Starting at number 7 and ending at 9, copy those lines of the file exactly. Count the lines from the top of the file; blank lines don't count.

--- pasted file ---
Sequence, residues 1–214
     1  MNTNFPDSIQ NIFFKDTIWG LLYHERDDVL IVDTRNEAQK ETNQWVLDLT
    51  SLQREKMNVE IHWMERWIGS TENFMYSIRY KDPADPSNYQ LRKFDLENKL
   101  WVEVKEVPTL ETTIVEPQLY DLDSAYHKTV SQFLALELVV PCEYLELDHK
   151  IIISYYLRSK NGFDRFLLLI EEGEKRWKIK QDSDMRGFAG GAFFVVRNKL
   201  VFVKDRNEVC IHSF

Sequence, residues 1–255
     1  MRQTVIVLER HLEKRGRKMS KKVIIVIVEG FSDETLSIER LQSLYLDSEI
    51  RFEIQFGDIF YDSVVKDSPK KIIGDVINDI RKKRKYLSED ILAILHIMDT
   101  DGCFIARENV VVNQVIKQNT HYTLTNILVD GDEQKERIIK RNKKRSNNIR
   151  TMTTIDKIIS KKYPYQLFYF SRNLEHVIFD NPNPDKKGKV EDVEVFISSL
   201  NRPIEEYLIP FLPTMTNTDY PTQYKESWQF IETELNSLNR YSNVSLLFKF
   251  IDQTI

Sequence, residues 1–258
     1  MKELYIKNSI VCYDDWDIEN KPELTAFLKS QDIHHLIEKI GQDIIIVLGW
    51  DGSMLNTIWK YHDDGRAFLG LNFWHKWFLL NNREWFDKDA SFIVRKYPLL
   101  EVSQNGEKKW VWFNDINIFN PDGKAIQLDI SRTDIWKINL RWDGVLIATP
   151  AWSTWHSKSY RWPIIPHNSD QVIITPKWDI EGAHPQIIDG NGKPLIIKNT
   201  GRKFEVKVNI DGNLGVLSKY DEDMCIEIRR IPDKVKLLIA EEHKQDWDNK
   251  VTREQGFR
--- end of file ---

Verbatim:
Sequence, residues 1–255
     1  MRQTVIVLER HLEKRGRKMS KKVIIVIVEG FSDETLSIER LQSLYLDSEI
    51  RFEIQFGDIF YDSVVKDSPK KIIGDVINDI RKKRKYLSED ILAILHIMDT